Date a Girl Who Writes

A while ago, I posted Date a Girl Who Reads which  is a splendid piece of the values of reading. After being tipped off to this essay, and reading it, I had to share it with you as well.

Date A Girl Who Writes by Effie Sapuridis

Date a girl who writes. Date a girl who admires the calligraphy of Ancient China more than the latest fall line. She has ink smudges on her fingers, sometimes on her cheeks. Date a girl who comes with a list of unfinished poems, underdeveloped characters, incomplete plot lines, who has been writing since she could read.

Find a girl who writes. Look for the girl with frazzled hair and a pen behind her ear. She’s the one who spends hours deciding which new notebook to buy, only to cave and buy three, the one who rarely makes a grammatical error. If you were to search her bag, you’d find scraps of paper with incomprehensible notes and pens whose lives have ended a long time ago. That’s the writer.walkingaway1

The girl who writes can be seen anywhere, if you look for her. The girl who writes is always looking at you, and anyone else. She knows inspiration can be found in everything. She’s the girl you’ll find on a park bench, pen behind her ear, another in her hand, jotting down things with great, great concentration, just because coffee shops are loud. She will however be carrying coffee in a travel mug. If you looked inside the mug, you’d notice the coffee was finished – the girl who writes needs caffeine like water. Bum a cigarette off her. Notice her eyes give you a full appraisal before she hands you a cigarette. She’s profiling you.

Say something.

Don’t ever start by asking to see her writing.

Tell her something you’re sure she never knew before. A random fact, even. This will grab her attention. This will make her think, ‘what kind of plot twist is the stranger offering to the protagonist?’ When she brings up e.e. Cummings and Plath, don’t act like you know who they are if you don’t. She will test you. Ask her about them. Ask her about her favorites. Ask her if she’d like to go see a movie with you.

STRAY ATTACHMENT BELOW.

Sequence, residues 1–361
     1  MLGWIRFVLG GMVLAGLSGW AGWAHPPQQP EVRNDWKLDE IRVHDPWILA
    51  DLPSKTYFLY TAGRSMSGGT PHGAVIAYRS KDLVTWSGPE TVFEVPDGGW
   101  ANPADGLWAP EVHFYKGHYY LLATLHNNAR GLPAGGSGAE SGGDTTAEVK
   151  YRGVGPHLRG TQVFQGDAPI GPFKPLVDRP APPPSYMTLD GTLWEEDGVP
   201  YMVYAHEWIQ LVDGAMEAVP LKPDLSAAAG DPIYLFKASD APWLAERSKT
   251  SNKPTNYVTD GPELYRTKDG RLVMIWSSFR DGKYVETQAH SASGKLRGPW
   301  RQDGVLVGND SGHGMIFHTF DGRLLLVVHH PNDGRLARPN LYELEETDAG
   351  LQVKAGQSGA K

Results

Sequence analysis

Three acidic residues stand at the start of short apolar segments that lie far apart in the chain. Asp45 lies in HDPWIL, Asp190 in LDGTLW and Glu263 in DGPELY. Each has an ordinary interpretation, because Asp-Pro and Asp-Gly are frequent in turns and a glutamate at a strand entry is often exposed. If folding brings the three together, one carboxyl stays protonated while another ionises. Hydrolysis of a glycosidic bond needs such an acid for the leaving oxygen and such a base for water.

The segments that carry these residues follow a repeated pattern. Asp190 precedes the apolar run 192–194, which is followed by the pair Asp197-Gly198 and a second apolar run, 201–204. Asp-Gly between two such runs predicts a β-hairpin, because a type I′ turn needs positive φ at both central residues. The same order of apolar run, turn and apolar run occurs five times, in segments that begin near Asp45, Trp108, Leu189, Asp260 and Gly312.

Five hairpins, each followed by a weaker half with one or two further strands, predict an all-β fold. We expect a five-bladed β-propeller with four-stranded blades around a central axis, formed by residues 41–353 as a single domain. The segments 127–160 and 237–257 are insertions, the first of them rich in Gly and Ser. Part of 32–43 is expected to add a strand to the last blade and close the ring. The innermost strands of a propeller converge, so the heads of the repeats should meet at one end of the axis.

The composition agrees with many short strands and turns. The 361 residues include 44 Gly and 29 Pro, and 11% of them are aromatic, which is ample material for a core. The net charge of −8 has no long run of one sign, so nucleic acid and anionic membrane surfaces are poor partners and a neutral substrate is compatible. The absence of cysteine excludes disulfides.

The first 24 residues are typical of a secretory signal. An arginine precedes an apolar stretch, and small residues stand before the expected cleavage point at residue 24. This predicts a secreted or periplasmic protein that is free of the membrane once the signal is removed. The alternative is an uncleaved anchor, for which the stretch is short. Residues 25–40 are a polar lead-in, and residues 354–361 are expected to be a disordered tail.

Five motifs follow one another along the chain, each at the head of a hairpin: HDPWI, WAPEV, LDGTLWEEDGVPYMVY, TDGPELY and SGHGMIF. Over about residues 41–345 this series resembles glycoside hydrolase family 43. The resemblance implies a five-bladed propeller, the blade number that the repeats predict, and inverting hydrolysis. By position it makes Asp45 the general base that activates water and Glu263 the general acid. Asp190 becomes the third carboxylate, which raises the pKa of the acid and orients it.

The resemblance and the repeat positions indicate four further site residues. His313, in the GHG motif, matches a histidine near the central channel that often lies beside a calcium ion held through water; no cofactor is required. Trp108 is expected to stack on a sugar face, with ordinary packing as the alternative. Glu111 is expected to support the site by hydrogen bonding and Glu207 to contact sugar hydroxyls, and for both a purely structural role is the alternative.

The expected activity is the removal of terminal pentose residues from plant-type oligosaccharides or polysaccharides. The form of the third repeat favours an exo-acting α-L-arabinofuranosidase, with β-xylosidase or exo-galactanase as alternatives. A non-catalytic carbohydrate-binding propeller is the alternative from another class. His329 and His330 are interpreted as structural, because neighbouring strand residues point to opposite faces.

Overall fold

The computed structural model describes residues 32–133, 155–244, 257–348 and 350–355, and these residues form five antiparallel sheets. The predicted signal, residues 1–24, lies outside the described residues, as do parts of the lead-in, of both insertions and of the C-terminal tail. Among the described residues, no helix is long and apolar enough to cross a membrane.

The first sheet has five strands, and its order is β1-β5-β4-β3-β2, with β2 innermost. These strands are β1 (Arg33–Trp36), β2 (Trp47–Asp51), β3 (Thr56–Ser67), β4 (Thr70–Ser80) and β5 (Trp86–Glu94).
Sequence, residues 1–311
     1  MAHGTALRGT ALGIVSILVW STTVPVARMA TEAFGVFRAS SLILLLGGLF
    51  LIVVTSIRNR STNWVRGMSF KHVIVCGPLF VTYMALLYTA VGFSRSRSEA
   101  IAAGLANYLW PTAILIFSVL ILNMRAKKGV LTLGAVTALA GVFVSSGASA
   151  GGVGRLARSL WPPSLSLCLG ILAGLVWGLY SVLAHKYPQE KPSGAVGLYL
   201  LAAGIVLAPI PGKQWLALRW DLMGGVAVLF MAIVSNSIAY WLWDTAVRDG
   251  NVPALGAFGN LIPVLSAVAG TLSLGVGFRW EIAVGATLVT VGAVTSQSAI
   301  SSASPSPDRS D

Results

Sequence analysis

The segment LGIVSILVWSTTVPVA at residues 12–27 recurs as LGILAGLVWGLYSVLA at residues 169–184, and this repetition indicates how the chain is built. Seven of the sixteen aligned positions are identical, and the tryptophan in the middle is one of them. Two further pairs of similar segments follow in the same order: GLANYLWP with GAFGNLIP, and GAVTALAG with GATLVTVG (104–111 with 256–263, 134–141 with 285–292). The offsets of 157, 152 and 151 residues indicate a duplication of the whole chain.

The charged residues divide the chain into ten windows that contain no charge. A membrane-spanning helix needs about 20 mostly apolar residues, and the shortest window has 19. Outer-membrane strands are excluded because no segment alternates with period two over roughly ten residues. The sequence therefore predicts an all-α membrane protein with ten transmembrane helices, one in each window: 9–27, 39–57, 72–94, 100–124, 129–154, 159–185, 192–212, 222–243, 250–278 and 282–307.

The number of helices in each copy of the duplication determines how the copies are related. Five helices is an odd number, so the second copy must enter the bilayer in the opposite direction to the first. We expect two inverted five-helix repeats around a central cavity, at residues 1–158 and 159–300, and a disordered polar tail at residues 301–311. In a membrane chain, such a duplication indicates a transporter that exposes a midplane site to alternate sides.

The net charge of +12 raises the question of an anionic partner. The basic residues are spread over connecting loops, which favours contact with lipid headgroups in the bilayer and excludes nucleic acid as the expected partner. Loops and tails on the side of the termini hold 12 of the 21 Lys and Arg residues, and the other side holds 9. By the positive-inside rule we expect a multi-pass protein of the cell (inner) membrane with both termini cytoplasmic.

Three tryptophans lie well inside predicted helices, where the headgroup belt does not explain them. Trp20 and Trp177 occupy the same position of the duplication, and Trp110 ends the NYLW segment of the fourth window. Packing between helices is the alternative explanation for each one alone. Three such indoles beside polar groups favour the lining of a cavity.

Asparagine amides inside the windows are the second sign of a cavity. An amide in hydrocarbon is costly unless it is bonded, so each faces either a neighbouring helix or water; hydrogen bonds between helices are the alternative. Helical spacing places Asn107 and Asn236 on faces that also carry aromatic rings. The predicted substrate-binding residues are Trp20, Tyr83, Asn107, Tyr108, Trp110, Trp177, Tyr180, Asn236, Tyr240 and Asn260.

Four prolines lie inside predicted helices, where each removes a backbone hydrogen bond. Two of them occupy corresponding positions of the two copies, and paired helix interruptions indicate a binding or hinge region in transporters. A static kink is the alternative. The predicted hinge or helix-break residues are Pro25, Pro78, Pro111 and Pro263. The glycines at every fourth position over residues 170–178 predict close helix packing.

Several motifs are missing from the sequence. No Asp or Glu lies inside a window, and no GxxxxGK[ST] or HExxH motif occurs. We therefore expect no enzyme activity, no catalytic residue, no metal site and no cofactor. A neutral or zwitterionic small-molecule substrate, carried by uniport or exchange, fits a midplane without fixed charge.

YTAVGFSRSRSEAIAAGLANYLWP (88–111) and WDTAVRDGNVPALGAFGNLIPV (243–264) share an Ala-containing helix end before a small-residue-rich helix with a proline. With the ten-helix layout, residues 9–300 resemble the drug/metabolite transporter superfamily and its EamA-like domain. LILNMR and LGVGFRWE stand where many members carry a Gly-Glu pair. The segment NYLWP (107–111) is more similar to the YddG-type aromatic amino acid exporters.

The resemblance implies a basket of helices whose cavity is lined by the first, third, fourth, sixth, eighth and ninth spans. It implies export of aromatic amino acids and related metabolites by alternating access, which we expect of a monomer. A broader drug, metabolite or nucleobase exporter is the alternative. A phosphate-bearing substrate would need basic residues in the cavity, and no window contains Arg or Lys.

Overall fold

Always surprise her.

In reality, it’s not that difficult to date a girl who writes. Accept that she will not show you anything she’s written until she’s ready. Understand that sometimes her stories aren’t developing the way she wants and she will be angry, bitter. Be patient, be jealous of her love for worlds you can’t even begin to enter. Buy her new books, new pens, new notebooks. Surround her with words. Dedicate songs to her. Leave little notes in her lunch bag. Words, for the writer, are more intimate and personal than a sensual touch. She hears their whispers, feels them, embraces them.

If one day, you walk into the house, and she’s in a foul mood. There are pages scattered everywhere. She’s watching TV, which she never does. Don’t ask. The words got the best of her. They put up a wall and as much as she pleaded, as much as she paced, drank coffee, took a bath, went for a walk, pace some more, as much as she played with synonyms and antonyms, made comparisons, expanded the plotline then brought it back to where it was, she could not get through the block. Don’t bother comforting her. Buy paint and a canvas, let her attack it. Carry her to the bed and let her attack you. The girl who writes does not need soothing and comfort, she needs an outlet to rid herself of the overbearing emotions that are sadness or anger. Before she can write again.